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Rudbeckia hirta Blackeyed Susan, Gloriosa Daisy

Edward F. Gilman, Teresa Howe, Ryan W. Klein, and Gail Hansen

Introduction

Blackeyed Susan forms a clumping, 2 foot tall mound of foliage topped with a bright display of red/orange flowers bordered with yellow. Distribution of color in the flower varies depending on the cultivar and seed source. Flowering is more profuse when the faded blossoms are regularly removed. The flowers are useful for cutting. Space plants 18 to 24 inches apart in a mass planting to create a carpet of color. Plants can become weeds in the garden because seeds germinate readily in nearby beds. What a wonderful weed to have in the garden!

Full Form - Rudbeckia hirta: Blackeyed Susan, Gloriosa Daisy
Figure 1. Full Form - Rudbeckia hirta: Blackeyed Susan, gloriosa daisy.
Credit: Edward F. Gilman, UF/IFAS

 

Flower - Rudbeckia hirta: Blackeyed Susan, Gloriosa Daisy
Figure 2. Flower - Rudbeckia hirta: Blackeyed Susan, gloriosa daisy.
Credit: Edward F. Gilman, UF/IFAS

General Information

Scientific name: Rudbeckia hirta

Pronunciation: rudd-BECK-kee-uh HER-tuh

Common name(s): blackeyed Susan, gloriosa daisy, coneflower

Family: Asteraceae

Plant type: annual; perennial; biennial; herbaceous

USDA hardiness zones: 2 through 11 (Figure 3)

Planting month for zone 7: Jun; Jul

Planting month for zone 8: May; Jun

Planting month for zone 9: Apr; May

Planting month for zone 10 and 11: Mar; Apr; Oct; Nov

Origin: native to North America

Invasive potential: may self-seed each year

Uses: mass planting; border; cut flowers

Availability: generally available in many areas within its hardiness range

Shaded area represents potential planting range.
Figure 3. Shaded area represents potential planting range.
Credit:

Description

Height: 2 to 3 feet

Spread: 2 to 3 feet

Plant habit: spreading; round

Plant density: open

Growth rate: moderate

Texture: medium

Foliage

Leaf arrangement: alternate

Leaf type: simple

Leaf margin: entire

Leaf shape: ovate

Leaf venation: none, or difficult to see

Leaf type and persistence: deciduous

Leaf blade length: 4 to 8 inches

Leaf color: green

Fall color: not applicable

Fall characteristic: not applicable

Flower

Flower color: orange-red; yellow

Flower characteristic: summer flowering; fall flowering

Fruit

Fruit shape: no fruit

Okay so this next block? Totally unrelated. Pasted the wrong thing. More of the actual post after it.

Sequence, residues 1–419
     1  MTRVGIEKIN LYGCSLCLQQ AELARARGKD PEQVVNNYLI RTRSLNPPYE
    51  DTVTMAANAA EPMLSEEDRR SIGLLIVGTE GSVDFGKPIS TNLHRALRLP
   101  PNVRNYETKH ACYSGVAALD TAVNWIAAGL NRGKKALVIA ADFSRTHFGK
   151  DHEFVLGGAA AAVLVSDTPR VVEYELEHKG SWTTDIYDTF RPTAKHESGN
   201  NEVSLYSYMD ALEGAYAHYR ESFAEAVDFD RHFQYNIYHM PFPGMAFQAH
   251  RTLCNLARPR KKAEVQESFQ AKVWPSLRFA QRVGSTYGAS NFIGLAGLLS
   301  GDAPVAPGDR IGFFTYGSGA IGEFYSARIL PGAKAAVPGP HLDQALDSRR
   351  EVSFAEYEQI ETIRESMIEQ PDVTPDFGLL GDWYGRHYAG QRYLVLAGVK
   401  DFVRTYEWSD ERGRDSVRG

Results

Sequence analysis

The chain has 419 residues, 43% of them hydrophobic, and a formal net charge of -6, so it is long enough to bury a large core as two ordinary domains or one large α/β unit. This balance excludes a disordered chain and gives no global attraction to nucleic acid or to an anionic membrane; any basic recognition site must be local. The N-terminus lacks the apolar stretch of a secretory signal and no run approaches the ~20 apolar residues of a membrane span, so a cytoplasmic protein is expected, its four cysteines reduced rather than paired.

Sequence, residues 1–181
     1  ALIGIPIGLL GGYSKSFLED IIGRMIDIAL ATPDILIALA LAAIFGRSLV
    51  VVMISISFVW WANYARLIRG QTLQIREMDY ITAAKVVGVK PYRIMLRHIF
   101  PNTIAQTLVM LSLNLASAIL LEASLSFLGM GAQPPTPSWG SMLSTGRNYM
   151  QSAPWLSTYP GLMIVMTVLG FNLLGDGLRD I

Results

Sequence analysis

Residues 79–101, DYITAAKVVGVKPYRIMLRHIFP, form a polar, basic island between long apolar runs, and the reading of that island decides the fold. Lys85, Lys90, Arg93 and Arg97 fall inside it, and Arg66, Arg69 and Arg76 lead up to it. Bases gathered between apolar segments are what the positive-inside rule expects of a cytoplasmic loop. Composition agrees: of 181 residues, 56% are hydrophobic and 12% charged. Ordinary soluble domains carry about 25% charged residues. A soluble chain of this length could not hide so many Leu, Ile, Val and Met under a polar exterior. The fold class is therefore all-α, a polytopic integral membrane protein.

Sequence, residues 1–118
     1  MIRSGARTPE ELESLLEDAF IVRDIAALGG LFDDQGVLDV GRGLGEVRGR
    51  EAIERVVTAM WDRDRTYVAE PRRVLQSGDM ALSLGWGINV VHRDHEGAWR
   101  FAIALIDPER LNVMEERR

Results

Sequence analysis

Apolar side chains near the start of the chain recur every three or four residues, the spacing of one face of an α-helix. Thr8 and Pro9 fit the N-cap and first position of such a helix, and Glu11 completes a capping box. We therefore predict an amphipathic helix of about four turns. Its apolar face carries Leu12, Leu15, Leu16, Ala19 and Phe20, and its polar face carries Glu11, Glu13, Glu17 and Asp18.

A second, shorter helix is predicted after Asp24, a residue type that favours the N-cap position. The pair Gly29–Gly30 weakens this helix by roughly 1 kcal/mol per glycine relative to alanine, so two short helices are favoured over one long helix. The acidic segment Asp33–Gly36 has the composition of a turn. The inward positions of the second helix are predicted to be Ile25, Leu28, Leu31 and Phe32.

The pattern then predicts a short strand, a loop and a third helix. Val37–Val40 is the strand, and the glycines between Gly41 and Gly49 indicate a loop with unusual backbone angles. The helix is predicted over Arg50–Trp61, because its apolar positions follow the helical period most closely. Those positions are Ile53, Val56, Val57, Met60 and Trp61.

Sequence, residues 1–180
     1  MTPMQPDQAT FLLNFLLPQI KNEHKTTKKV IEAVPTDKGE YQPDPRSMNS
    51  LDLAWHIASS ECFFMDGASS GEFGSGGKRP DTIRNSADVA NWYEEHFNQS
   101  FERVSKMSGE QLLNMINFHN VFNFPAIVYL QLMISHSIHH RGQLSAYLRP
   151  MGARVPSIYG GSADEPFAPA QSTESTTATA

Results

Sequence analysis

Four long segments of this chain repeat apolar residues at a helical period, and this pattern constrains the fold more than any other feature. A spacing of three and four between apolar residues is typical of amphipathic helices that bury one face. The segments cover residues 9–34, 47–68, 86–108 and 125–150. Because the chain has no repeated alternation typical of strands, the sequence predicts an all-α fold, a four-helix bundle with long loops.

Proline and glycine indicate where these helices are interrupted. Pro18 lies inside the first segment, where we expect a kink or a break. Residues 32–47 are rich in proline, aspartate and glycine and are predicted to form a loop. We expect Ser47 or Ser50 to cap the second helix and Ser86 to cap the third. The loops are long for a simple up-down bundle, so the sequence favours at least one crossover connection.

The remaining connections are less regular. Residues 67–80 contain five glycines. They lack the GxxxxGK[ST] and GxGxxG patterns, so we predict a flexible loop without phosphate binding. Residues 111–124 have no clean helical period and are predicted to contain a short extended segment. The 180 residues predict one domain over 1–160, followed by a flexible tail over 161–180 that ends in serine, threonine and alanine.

Fruit length: no fruit

Fruit cover: no fruit

Fruit color: not applicable

Fruit characteristic: inconspicuous and not showy

Trunk and Branches

Trunk/bark/branches: not applicable

Current year stem/twig color: green

Current year stem/twig thickness: medium

Culture

Light requirement: plant grows in full sun

Soil tolerances: clay; sand; acidic; loam

Drought tolerance: high

Soil salt tolerances: good

Plant spacing: 12 to 18 inches

Other

Roots: not applicable

Winter interest: not applicable

Outstanding plant: not particularly outstanding

Pest resistance: long-term health usually not affected by pests

Use and Management

The many Rudbeckia species tolerate most well-drained soils if given full sun. Provide excellent drainage for best growth. High salt tolerance makes Rudbeckia well-suited for planting close to the beach.

Various flower color combinations of red, orange, and yellow are available in the five or more available cultivars. Rudbeckia hirta 'Indian Summer' is a sturdy selection with large, yellow flowers that develop 10 to 14 weeks after seeds are sown. Unlike many other blackeyed Susans, this one does not require staking. It is also relatively free of disease and insect problems.

Rudbeckia seed may be planted directly into the garden. The seed germinates in 5 to 10 days at temperatures between 70°F to 75°F. Seed started indoors germinates more quickly. Barely cover the seed. The plants wilt for one or two days after transplanting. Propagate perennial types by division. Rudbeckia is generally propagated in the garden by division or cuttings in the spring or fall season.

Pests and Diseases

Aphids suck sap from the plants and coat the leaves with sticky honeydew.

Goldenglow sawfly may completely defoliate plants. The larvae are gray with dark stripes.

Four-lined plant bug causes round, brown, sunken spots on the leaves. The injury is often mistaken for a disease.

Downy mildew causes seedlings to wilt and die. On older plants the foliage is mottled light yellow.

Several leaf spots may be found but are not serious. Remove and destroy infected leaves.

Powdery mildew may cause a white, powdery growth on the leaves in late summer.

White smut causes light spots on the leaves. Destroy plant residues in the fall and get rid of infected plants as you notice them.

Verticillium wilt may kill Rudbeckia spp.

Publication #FPS512

Release Date:January 18th, 2024

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About this Publication

This document is FPS512, one of a series of the Department of Environmental Horticulture, UF/IFAS Extension. Original publication date October 1999. Revised October 2023. Visit the EDIS website at https://edis.ifas.ufl.edu for the currently supported version of this publication.

About the Authors

Edward F. Gilman, professor emeritus, Department of Environmental Horticulture; Teresa Howe, former coordinator, research programs and services, UF/IFAS Gulf Coast Research and Education Center; Ryan W. Klein, assistant professor, arboriculture, and Gail Hansen, professor, sustainable landscape design, Department of Environmental Horticulture; UF/IFAS Extension, Gainesville, FL 32611.

Contacts

  • Gail Hansen de Chapman
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